Tatjana Pieters


02 Jun - 19 Aug 2012

Esta Puerta Pide Clavo, curated by RIVET, Galerie Tatjana Pieters, Gent (BE), 2012 / photography by Kristien Daem / © Galerie Tatjana Pieters
Esta Puerta Pide Clavo, curated by RIVET, Galerie Tatjana Pieters, Gent (BE), 2012 / photography by Kristien Daem / © Galerie Tatjana Pieters
Esta Puerta Pide Clavo, curated by RIVET, Galerie Tatjana Pieters, Gent (BE), 2012 / photography by Kristien Daem / © Galerie Tatjana Pieters

Rey Akdogan / Lorea Alfaro / June Crespo / Rubén Grilo / David Jablonowski / Lisa Oppenheim / Kiko Pérez / Asha Schechter / Daniel Steegmann-Mangrané / Batia Suter / Philippe Van Snick

Deployment, the moving-into-position for action, functions as umbrella term that brings together the works in Esta puerta pide clavo. In this exhibition's case, deployment has to do with existing visual data, and with the fluid circulation of them as materials and bits, into two- or three-dimensional reality. Dealing with matter and form in a physical and often sculptural way, the works in this exhibition are nevertheless genuine products of the information age and speak to a current and common way of processing, rather than interpreting, reality. Instead of functioning as signs, it's the images or objects as cluster of data to be put to use. Stacks, layers, scans, or an attention to odd back- and foreground relations are recurrent motifs throughout the exhibition. Mixed forms, made through methods that combine or reference both the analogue and the digital, explore a terrain of coincidence that becomes manifest either through artistic process or in the final visual appearance.

Based on an idiom that literally translates as 'This door asks for a nail,' Esta puerta pide clavo not only highlights an economy of means that informed the making of the selected works but also emphasizes the equipment-like agency of matter over and above hermeneutics.

One strand of Esta puerta pide clavo veers towards abstraction, possibly echoing a common language of design as well as artistic actions from the 20th-century. Kiko Pérez's murals, specifically made for this occasion and interpunctuating the entire gallery space, as well as his stacked works on paper ambiguously refer to a language of branding and re-introduce the notion of gesture within this landscape. Philippe van Snick's Kleurmachine, though made in the 1970s, foreshadows a similar language of generic abstraction. Lorea Alfaro's hanging paintings stem from non-descript backdrops used in portrait photography in China. Equally focused on intermediary material components and backgrounds in the process of photography, Lisa Oppenheim's unique photograms resemble digitally designed patterns while being the repositories of a darkroom interpretation of Victorian flower arrangements. Daniel Steegmann-Mangrané's slide projection installation, born from a reprise of a Jan Dibbets photo, thrives because of the confusion between surface, depth and viewpoint inherent within the photographic image. At the other end of this spectrum, Rey Akdogan's gathering of packed and piled light filters remind of the mass-produced products that are supposedly applicable anywhere and that continue to shape our mode of perception.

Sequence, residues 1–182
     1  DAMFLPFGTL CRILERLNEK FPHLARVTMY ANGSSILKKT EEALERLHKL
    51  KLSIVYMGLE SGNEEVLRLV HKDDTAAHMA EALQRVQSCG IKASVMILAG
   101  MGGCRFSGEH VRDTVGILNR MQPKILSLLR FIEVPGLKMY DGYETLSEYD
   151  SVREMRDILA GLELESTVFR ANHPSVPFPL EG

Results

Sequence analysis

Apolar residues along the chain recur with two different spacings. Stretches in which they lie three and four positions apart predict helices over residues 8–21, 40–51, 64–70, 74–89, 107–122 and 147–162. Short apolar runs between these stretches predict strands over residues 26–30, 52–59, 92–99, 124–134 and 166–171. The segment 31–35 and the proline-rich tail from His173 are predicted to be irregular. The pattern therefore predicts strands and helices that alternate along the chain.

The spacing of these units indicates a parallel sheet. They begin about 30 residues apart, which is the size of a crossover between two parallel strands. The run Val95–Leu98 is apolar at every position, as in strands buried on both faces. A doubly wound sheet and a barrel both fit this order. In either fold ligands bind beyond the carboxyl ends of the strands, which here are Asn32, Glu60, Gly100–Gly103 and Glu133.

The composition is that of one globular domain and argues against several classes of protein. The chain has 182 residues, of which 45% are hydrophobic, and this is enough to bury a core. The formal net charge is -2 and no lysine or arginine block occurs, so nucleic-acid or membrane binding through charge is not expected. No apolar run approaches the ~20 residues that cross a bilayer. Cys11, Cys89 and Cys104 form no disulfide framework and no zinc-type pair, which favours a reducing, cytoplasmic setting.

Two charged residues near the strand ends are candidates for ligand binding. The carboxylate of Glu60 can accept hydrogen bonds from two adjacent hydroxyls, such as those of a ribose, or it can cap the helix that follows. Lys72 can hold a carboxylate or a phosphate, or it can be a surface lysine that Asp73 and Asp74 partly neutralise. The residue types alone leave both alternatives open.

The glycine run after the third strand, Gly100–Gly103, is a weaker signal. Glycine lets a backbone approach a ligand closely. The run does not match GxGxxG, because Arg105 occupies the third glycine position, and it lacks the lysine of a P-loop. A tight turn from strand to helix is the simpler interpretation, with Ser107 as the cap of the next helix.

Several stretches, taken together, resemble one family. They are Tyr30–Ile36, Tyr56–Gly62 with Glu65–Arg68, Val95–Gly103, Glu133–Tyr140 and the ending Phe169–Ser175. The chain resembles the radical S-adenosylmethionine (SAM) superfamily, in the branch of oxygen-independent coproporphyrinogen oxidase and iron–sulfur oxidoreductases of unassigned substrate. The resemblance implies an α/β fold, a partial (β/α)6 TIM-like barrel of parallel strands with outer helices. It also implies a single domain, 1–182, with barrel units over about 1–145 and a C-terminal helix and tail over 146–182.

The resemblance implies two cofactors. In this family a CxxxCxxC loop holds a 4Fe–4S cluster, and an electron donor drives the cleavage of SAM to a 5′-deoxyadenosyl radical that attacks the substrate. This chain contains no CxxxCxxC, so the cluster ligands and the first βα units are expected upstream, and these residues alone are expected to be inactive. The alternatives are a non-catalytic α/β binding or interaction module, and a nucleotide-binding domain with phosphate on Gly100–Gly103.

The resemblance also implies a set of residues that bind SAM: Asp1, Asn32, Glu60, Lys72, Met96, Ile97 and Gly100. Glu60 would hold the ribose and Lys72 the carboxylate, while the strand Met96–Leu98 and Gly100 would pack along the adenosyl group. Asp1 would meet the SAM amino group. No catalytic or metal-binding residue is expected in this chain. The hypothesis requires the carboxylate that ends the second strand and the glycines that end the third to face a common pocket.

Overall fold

The other strand insists on specificity of materials and imagery. Asha Schechter's sculptures (belated puns to Duchamp) take stock imagery or common designs into a formal non-communicative context that prioritizes relations between infinite background and foreground. Batia Suter's enlarged and superposed scans of found printed matter turn the offset image into a sculptural object, and equally obstruct indexical readings of the photographic material. David Jablonowski's sculptures awkwardly materialize and juxtapose processes of scanning with generic computer visualization, digitized archival imagery as well as what look like casts spat out by 3-D printers. June Crespo's precise scans provide the source material for layered sculptures that force the object-image into three-dimensionality and volume. Read against this light, Van Snick's photography simultaneously fuses object and processed image, similarly collapsing two- and three-dimensionality. Taking a distinctly wide-angle, associative approach, Rubén Grilo's voracious online search for 'Hobbes' gave for a randomized PowerPoint presentation of the comic strip hero, seen from two vantage points, with excerpts from Leviathan.

Esta puerta pide clavo is curated by Rivet, a curatorial office based in New York ran by Sarah Demeuse and Manuela Moscoso. The exhibition grows out of MockUp, a solo project with Asha Schechter produced in February 2012 at Artium, Vitoria, Spain. For more information or publications, see www.rivet-rivet.net.

© Galerie Tatjana Pieters

Tags: Rey Akdogan, Jan Dibbets, Rubén Grilo, David Jablonowski, Daniel Steegmann Mangrané, Lisa Oppenheim, Philippe Van Snick